How to Hit Different Sets in Volleyball


There are two basic sets in volleyball: the normal set and the quick set. A normal set rises several feet or more above the net, while a quick set should reach just about a foot above it. There are several types of sets within these categories, all based on placement. Being able to hit each one will make you a much more effective spiker. (The numbers used here are one of several different numbering systems for sets.)

Hitting Normal Sets

  • Hit a "6." A "6" is a ball that is set very high and outside the antenna. Your approach should start outside the court boundaries. When the ball is set, wait for it to reach its peak, then approach and swing, hitting the ball cross court.

  • Hit a "5." A "5" is the most common set and is what most novices begin with. Like a "6," a "5" is set high, but it stays inside the antenna. Your approach should start back and to the left of where the ball will be struck. When the ball hits its peak, approach and then swing, either across your body for a spike down the line, or outside for a cross-court hit.

  • Hit a "3." A "3" (also sometimes known as a "32" to differentiate it from the "31" listed below in quick sets) is a high set that is put midway between the setter and the antenna. As with the "5," start your approach back and to the left of where you will make contact. When the ball hits its peak, approach and hit either angle (left or right) or straight.

  • Hit a "2." A "2" is a ball set two or three feet in the air above the net and directly in front of the setter. Your approach should start a few feet back from the setter. When the ball hits its peak, approach and attack in any direction. The "2" is often very effective against blockers because several angles can be used.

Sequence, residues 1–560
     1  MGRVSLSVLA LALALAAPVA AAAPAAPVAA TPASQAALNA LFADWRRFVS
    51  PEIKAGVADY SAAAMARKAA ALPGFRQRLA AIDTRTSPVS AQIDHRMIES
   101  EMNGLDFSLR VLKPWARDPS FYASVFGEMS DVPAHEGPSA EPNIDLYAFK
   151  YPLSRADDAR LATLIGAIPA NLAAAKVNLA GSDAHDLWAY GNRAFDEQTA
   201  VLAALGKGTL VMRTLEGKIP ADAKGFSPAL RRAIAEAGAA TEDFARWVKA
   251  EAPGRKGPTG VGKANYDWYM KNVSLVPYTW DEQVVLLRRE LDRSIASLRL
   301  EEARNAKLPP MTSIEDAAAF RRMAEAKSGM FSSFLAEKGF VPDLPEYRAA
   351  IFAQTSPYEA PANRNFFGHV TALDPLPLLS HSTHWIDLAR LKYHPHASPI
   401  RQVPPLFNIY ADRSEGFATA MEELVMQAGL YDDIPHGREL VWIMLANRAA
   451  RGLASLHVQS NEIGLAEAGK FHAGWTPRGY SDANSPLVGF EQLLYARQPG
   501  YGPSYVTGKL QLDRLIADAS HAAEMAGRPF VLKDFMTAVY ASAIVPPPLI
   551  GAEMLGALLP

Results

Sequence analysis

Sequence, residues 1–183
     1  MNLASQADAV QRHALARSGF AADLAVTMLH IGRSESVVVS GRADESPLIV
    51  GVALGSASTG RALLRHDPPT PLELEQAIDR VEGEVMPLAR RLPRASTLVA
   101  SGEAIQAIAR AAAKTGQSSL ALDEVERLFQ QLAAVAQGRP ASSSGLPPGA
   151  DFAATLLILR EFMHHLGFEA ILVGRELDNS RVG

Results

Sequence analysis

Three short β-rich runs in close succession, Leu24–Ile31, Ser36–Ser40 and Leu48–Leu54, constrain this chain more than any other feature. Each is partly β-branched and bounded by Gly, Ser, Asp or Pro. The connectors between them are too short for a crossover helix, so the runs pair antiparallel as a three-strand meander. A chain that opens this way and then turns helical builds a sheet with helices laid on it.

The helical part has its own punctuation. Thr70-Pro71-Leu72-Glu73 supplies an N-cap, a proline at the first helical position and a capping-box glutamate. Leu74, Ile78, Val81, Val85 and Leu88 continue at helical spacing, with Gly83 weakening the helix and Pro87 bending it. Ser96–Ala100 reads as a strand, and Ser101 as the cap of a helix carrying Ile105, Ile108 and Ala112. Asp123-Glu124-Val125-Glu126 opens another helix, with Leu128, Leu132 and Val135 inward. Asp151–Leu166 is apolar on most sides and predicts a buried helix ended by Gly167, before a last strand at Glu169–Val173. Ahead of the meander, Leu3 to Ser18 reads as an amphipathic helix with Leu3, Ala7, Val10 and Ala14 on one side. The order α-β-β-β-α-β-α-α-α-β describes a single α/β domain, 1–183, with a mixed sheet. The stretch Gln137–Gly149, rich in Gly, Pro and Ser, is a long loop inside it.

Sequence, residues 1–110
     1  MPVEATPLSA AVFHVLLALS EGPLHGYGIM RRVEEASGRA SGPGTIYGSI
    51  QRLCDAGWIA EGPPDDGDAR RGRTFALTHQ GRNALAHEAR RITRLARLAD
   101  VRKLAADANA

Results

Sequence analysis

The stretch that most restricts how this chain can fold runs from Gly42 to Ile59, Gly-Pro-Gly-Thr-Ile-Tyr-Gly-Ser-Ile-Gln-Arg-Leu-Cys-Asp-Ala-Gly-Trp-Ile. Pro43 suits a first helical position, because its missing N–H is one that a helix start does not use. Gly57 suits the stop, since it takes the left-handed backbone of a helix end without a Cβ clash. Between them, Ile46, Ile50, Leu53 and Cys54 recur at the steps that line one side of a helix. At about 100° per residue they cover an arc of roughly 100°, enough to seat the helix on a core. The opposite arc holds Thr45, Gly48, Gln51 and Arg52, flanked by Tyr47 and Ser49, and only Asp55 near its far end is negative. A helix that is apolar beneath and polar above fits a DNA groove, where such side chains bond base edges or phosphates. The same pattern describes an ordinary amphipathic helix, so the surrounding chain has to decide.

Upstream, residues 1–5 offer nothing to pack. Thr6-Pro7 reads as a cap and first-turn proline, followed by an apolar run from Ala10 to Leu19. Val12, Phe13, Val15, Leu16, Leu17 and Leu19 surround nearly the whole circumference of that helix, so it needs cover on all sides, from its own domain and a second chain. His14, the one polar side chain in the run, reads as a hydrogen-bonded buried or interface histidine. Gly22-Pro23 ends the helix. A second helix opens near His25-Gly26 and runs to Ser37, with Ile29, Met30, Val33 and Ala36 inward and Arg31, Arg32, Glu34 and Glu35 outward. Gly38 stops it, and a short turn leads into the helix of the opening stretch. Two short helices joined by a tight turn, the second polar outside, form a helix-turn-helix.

Hitting Quick Sets

  • Hit a "Shoot." This set, sometimes known as a "4," is the same as a "5" in location. The ball, however, should be set so that its peak is just a foot above the net. To hit this set, start in the same position as you would for hitting a "5," but start your approach when the pass reaches the setter. The ball should be set fast enough that it will arrive at its peak at the same point you are swinging.

  • Hit a "31." Like the "3" above, the "31" is set halfway between the setter and the antenna. But again, it should be set only about a foot above the net. Therefore, you again need to approach as soon as the ball reaches the setter's hands. Your swing should be timed to strike just as the ball reaches its peak.

  • Hit a "1." This is the most difficult set for many spikers because it requires perfect timing. Like with the "2" set above, the "1" is set right in front of the setter. It also should rise only a foot above the net. This means that you must approach and leap in perfect conjunction with the setter receiving the ball and putting it into the air. Your swing should be starting as the ball begins to rise.

Tips & Warnings

  • Normal sets are much easier to spike because they do not require such perfect timing. A high ball can be adjusted to, while a ball that rises just a foot above the net must be struck at exactly the right time. But quick sets are extremely effective because they often don't allow opponents to set up blocks. Make sure you get a setter who has the strength and accuracy to place the balls where they need to be.

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